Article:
UC may be associated with chronic urothelial irritation. Many studies have shown the causes of UC to be nephrolithiasis and urinary tract infections. Other etiological factors that have been postulated include schistosomiasis, vitamin A excess, and increased immunoglobulin A [2]. In one study, UC was found in a patient following formalin treatment for cyclophosphamide-induced hemorrhagic cystitis [3]. UC is usually asymptomatic; therefore, it is most frequently detected incidentally. The pathological features of UC include areas of glandular metaplasia secondary to chronic urothelial inflammation. The proliferation of epithelial bodies into the underlying mucosa leads to the formation of small cysts called von Brunn nests. The most common radiological appearance of UC is numerous, small, relatively uniform filling defects involving the ureters and, less commonly, the renal pelvis. The diagnosis is usually made during ureteroscopy or during radiography. Radiographically, a differential diagnosis of multiple transitional cell tumors, ureteral pseudodiverticula, non-opaque calculi, polyps, papillary tumors, tuberculosis, iatrogenic gas bubbles, gas-forming microorganisms, and submucosal hemorrhage can be considered with an appropriate clinical correlation [4]. Small filling defects and a bead-like appearance with regular surfaces in the ureter and renal pelvis are the typical findings demonstrated in intravenous or retrograde pyelogram. Magnetic resonance urography can provide high-resolution coronal images of the entire urinary tract without using contrast agents and ionizing radiation [5].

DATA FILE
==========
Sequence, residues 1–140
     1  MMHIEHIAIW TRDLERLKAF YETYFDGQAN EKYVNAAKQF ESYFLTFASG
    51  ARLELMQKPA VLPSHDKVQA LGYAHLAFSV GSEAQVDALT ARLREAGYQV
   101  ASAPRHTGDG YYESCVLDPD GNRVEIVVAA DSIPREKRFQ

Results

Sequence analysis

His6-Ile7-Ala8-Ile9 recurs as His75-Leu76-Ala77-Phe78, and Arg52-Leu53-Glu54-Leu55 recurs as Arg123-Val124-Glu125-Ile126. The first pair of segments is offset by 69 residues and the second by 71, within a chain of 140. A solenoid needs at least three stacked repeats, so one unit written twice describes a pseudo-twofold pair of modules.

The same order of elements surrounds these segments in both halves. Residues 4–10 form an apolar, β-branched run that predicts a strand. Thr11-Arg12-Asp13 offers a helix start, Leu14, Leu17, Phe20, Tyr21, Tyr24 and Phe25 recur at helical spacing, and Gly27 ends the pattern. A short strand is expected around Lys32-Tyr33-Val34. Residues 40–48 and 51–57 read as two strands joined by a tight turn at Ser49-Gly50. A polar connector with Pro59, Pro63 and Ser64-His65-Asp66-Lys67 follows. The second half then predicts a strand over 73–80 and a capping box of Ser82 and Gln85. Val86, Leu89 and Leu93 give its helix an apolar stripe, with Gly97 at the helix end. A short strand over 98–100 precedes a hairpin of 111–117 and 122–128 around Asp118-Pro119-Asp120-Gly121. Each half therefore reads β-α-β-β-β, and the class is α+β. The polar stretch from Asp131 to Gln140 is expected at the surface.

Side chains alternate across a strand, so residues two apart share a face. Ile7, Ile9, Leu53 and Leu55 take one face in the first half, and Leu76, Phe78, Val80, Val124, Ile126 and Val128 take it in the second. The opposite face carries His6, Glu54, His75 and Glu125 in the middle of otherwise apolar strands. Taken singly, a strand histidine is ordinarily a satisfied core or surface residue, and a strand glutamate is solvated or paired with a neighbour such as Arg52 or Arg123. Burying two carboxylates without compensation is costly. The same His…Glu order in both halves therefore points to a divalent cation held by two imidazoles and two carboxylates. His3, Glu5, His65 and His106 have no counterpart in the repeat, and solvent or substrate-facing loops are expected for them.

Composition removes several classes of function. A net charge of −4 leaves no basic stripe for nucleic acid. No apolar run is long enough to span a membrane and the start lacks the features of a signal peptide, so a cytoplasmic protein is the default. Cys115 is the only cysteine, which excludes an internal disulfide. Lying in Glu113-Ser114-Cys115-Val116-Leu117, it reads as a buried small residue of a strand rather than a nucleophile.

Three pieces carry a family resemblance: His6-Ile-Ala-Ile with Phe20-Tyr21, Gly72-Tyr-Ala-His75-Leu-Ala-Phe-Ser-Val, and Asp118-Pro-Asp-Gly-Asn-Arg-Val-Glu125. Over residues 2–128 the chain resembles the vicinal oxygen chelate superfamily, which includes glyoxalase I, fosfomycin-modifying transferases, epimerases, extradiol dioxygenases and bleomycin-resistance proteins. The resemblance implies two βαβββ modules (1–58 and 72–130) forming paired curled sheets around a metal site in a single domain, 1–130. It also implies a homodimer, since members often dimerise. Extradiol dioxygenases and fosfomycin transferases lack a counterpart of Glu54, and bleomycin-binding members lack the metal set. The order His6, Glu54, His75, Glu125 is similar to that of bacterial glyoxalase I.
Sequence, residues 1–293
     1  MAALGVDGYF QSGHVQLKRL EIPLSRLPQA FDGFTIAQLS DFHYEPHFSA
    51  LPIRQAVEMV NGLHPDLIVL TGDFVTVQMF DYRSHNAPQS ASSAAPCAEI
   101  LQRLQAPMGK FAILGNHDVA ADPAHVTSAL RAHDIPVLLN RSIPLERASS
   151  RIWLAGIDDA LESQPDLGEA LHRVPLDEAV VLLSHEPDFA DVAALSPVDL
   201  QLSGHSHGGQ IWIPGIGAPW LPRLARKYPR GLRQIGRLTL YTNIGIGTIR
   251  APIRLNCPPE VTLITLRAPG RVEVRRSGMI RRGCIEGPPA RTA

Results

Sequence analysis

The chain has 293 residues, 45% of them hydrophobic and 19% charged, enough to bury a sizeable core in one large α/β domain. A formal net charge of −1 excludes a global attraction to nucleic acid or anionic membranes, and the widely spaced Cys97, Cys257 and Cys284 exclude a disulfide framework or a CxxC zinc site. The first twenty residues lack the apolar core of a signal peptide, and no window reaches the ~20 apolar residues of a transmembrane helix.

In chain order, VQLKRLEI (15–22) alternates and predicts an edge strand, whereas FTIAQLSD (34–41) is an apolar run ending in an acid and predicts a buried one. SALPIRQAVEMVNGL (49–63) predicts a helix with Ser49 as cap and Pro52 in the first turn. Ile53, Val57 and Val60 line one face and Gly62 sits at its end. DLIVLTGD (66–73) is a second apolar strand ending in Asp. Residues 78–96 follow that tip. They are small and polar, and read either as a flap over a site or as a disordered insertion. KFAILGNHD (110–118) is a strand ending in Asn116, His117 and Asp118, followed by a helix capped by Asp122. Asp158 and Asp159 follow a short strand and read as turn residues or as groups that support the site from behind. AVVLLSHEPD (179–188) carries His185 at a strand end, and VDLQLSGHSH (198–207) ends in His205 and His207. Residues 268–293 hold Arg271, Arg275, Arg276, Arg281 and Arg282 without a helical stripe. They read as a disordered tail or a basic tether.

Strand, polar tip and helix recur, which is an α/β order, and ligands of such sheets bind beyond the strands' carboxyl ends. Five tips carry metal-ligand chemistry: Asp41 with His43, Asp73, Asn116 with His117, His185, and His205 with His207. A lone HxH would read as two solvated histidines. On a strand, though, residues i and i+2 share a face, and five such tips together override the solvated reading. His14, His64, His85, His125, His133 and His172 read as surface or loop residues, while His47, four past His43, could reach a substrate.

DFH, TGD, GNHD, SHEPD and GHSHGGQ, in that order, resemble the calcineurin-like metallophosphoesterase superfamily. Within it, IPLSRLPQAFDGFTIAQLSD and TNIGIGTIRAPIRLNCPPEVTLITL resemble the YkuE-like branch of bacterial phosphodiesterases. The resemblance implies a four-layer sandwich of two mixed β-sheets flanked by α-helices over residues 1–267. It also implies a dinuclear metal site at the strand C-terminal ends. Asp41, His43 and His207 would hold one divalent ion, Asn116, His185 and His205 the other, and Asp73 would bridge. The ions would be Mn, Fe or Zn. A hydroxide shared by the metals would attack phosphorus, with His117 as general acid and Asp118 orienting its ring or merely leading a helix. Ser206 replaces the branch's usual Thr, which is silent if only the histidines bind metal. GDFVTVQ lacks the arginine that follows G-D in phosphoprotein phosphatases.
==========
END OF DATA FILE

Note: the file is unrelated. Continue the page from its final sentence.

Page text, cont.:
UC rarely presents with an ureteral obstruction or an acute kidney dysfunction according to the review of documented cases outlined by Padilla-Fernandez et al. [2]. This condition is more likely to present with symptoms of urinary tract infection, hematuria, or lithiasis before progression to obstruction occurs. There have been isolated cases reporting UC causing obstruction in the literature but this seems to be a rare occurrence [6-7]. Furthermore, Amos et al. reported a single case of bilateral UC that presented with unilateral ureteropelvic junction obstruction [8]. However, our patient developed bilateral ureter obstruction associated with an acute kidney injury, which has not been previously reported.